The highly specialised operation by the Joint Task Force (JTF) to hunt down the leader of the Boko Haram Islamic sect, Sheikh Abubakar Shekau, believed to be holed up in Gwoza hills in Borno State was unsuccessful as a result of the difficult terrain, military sources have revealed.
The operation, which took place last month, however, claimed the life of Major A.T. Fambiya on June 26, 2013. Fambiya, one the two officers and 13 soldiers recently given national burial at the military cemetery in Abuja, was drafted into the squad that carried out the operation due to his knowledge of the area, having hailed from Gwoza, a source said.
“However, like the Tora Bora mountainous caves in Afghanistan where Osama Bin Laden hid before he later escaped from the US onslaught; the operation to capture Shekau was not successful because of the bad terrain”, the source said.
The source declined to give details, saying that would be exposing “high security issues,” adding, however, that the area around Gwoza hills was dotted with lots of caves.
“I want to tell you that there is a massive deployment of troops in that area but we did not succeed because you know there are lots of caves. I just know that, as at this moment, I don’t see him still being confined there”.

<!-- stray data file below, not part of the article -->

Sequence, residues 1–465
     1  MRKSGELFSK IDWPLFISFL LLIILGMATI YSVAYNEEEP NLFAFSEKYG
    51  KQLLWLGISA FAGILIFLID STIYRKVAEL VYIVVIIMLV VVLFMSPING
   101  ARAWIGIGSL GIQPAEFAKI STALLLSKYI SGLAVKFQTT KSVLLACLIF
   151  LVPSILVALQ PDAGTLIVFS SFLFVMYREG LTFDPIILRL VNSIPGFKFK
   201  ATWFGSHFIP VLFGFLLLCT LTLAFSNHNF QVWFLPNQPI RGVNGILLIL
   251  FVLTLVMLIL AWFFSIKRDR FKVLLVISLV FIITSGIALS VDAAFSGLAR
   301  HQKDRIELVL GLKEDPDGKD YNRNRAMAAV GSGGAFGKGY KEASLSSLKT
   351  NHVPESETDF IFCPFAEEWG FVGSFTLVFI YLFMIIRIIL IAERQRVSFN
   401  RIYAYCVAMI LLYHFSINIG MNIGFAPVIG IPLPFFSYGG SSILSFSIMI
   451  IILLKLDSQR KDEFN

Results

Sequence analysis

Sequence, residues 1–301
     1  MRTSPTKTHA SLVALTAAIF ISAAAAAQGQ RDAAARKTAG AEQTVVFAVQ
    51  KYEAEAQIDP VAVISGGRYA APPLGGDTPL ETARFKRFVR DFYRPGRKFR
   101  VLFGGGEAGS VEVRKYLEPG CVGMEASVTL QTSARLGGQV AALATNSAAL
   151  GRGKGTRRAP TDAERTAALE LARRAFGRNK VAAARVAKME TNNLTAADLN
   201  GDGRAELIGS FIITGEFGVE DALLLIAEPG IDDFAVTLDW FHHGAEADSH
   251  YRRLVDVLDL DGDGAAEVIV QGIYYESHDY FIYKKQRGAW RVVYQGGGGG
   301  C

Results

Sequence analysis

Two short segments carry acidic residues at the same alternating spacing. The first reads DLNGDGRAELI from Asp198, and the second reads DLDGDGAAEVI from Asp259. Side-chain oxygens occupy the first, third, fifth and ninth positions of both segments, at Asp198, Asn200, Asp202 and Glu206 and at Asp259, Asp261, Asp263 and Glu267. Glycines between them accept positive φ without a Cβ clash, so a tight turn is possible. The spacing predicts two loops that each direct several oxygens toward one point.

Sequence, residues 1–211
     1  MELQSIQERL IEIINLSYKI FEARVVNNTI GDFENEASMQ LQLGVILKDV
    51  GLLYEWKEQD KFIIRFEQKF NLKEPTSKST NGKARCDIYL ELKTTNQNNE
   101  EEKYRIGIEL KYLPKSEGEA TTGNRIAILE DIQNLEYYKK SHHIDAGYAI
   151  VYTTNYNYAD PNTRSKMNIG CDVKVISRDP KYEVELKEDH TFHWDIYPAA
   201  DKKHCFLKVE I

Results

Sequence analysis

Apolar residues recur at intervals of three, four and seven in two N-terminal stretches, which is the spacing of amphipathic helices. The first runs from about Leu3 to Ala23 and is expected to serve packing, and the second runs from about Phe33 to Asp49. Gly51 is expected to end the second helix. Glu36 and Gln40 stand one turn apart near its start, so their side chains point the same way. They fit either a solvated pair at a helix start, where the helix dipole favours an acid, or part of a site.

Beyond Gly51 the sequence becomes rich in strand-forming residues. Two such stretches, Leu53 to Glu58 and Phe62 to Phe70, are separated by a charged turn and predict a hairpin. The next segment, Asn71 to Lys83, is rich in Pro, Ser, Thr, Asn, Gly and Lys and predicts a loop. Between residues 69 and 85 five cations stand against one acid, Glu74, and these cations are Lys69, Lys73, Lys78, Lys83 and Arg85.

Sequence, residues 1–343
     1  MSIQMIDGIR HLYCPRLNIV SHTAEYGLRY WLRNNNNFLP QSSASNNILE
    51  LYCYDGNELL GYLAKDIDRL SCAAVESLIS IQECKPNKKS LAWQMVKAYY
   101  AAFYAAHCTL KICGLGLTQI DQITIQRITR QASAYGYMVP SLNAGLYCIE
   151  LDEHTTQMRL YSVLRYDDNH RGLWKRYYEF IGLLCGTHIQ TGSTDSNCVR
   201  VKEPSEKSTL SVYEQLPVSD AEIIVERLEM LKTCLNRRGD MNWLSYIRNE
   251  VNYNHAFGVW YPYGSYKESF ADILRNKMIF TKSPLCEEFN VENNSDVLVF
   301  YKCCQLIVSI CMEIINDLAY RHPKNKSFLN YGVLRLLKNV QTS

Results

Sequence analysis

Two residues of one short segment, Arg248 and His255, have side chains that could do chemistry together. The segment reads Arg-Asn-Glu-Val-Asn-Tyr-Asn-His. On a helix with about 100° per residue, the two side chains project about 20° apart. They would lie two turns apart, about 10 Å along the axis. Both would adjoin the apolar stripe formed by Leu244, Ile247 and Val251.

However, another military source said Shekau might have been confined to a location where the military are in constant knowledge of his movement and that efforts are in top gear to capture him in spite of the failure of last month’s operation.
The source said the Boko Haram leader is being figured out by the military and that his days are numbered as they are ever determined to finish the job despite the difficult environment around him.
“Yes we can confirm that the goon is cornered and his days as a terrorist are certainly numbered. It’s not going to be easy though because Gwoza hill is a very long stretch of hilly terrain but the good thing is that the troops have an idea of exactly how to go about finishing the job,” the source added.
The Director of Defence Information (DDI), Brig-Gen. Chris Olukolade, however warned journalists against reporting on operational issues that could jeopardise the military and security strategies, citing a report in one of the national dailies as an example.
He vowed that the military would pursue the terrorists with vigour until they are captured, killed or forced to surrender unconditionally according to the mandate of the emergency rule proclamation.
He said: “All I can say at the moment is that the mandate given to the security forces to hunt down all terrorists or insurgents is being pursued with all necessary vigour and sense of duty and responsibility.
“Every vital breakthrough recorded in the process will continue to be duly communicated to Nigerians as and when appropriate.
“There is no need to engage in speculation that could jeopardise the integrity of ongoing operations or mislead our citizens please.”
The military had waved off claims by the Presidential Committee on Amnesty that it had reached ceasefire agreement with the Boko Haram, and had instead vowed to crush the insurgents.
According to one of the military sources, “the main target now is to take out Shekau, and that is a matter of time now”.